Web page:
Furthermore, the population-based group included a small group of respondents who actively participated in an OCC such as Kanker. We did not consider this as an exclusion criterion as in any population-based sample, there are survivors who participate in a web-based community. The differences between the 2 groups would have been larger if we had excluded these respondents.

A final limitation is that the study was conducted only in the Netherlands, where internet access is extremely high, and the respondents have an above-average education level. Although the typical Dutch survivor of cancer may be different in certain ways from those in other Western countries, previous studies have shown that there are many similarities between the web-based behavior of survivors in various countries [14-16,18].


We conclude that survivors who participate in an OCC (both posters and lurkers) are not representative of survivors of cancer in general. There are significant differences in (1) sociodemographic characteristics, (2) internet use during their treatment journey, (3) internet search frequency during their cancer journey, and (4) participation wishes. However, there are also certain similarities in terms of the relative importance that survivors attach to the various information sources, the topics on which they seek information, and their wishes for future eHealth possibilities. Any differences in importance ranking can be attributed to the OCC group being an internet-based community that actively seeks contact with fellow survivors.

The above findings and conclusions have implications for other researchers. Most importantly, if they recruit study participants through an OCC, they will not be fully representative of the general patient population. Arguably, an OCC group is more suitable for research into supportive care in relation to survivorship. The survivors in the OCC group experience long-term effects and seem motivated to gain a sense of control over them, which could be a good motivational factor to participate in web-based intervention studies. In general, it is advisable to take the specific nature of an OCC sample into consideration when reporting findings for this particular group of survivors of cancer.

In general, we recommend that survivors of cancer use internet resources throughout their illness and treatment journey. There are differences between the 2 groups because of the circumstances in which they find themselves; however, the internet offers different options for different circumstances. The wishes are similar; however, the use differs, which could be explained by age, gender, number of treatments, and communication needs.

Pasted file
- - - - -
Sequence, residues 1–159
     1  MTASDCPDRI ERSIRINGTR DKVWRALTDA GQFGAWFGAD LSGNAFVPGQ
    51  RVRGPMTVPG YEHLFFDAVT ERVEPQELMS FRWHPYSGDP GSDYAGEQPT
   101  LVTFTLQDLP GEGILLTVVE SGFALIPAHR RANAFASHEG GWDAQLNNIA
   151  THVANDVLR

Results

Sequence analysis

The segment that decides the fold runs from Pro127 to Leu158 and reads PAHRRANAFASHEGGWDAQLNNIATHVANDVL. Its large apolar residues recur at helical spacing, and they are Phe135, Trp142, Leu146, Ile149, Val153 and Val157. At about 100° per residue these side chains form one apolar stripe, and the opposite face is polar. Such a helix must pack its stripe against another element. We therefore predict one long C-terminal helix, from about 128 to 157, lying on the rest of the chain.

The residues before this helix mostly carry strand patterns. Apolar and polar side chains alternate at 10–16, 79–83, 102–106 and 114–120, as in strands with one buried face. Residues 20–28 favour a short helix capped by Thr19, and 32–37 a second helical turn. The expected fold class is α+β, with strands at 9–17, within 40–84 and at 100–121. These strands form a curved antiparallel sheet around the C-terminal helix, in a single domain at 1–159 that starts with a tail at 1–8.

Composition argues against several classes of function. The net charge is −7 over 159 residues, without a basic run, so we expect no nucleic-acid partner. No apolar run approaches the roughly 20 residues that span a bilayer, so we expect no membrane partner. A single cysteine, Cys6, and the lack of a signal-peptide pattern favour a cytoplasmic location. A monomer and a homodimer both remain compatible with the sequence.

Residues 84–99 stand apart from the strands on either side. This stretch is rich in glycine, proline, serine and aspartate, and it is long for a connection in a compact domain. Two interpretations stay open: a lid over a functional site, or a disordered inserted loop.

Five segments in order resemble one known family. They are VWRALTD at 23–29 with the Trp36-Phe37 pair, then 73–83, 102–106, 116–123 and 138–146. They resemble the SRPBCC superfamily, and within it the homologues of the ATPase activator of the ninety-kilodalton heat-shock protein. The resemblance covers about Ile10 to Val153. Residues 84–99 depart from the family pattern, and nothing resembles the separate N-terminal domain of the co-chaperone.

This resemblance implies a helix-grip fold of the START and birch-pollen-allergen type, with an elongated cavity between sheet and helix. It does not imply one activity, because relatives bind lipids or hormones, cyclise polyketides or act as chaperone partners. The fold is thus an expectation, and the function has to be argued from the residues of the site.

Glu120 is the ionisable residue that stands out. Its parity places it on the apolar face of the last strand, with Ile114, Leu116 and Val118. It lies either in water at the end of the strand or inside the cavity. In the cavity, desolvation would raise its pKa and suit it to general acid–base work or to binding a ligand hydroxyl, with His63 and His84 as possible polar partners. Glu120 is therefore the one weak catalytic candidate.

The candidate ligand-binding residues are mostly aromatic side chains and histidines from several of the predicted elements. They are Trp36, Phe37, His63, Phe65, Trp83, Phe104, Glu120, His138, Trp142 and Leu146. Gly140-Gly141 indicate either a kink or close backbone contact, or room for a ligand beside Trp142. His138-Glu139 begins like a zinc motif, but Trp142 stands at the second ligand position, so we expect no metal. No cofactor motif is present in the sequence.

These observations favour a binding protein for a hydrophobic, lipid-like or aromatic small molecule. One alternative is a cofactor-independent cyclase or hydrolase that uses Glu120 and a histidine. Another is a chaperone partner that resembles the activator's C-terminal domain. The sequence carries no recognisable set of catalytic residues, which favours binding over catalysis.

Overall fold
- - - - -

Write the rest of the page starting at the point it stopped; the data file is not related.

Web-based information and communication can support shared decision-making and may facilitate the active participation of patients during their treatment. At the start of that journey, they have a great need for information, which is essential for shared decision-making [36]. After cancer treatment, such a platform provides patients with chronic cancer with an environment that seems to facilitate their active participation in their treatment [24,39].


The authors wish to thank the patients and their physicians at the following Dutch hospitals for their participation in this study: Amphia Hospital, Breda; Catharina Hospital, Eindhoven; Elisabeth-TweeSteden Hospital, Tilburg; and Máxima Medical Center, Veldhoven. The authors wish to thank the participants and colleagues of the Kanker community in the Netherlands for their participation in this study.

This research did not receive any specific grant from funding agencies in the public, commercial, or not-for-profit sectors. This manuscript is not being considered for publication elsewhere, and its findings have not been previously published.

Authors' Contributions

All authors have read and approved the contents of this manuscript.

Conflicts of Interest

None declared.

Multimedia Appendix 1

Questionnaire translated.

DOCX File , 117 KB

Multimedia Appendix 2

Tables with additional data.

DOCX File , 33 KB

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EHR: electronic health record
NCR: Netherlands Cancer Registry
OCC: online cancer community

Edited by T Leung; submitted 15.04.20; peer-reviewed by E Van Blarigan, G Petrič, J Chu; comments to author 01.07.20; revised version received 07.10.20; accepted 25.01.22; published 08.03.22


©Mies C van Eenbergen, Ruben D Vromans, Lidwine W Tick, Gerard Vreugdenhil, Emiel J Krahmer, Floortje Mols, Lonneke V van de Poll-Franse. Originally published in JMIR Cancer (, 08.03.2022.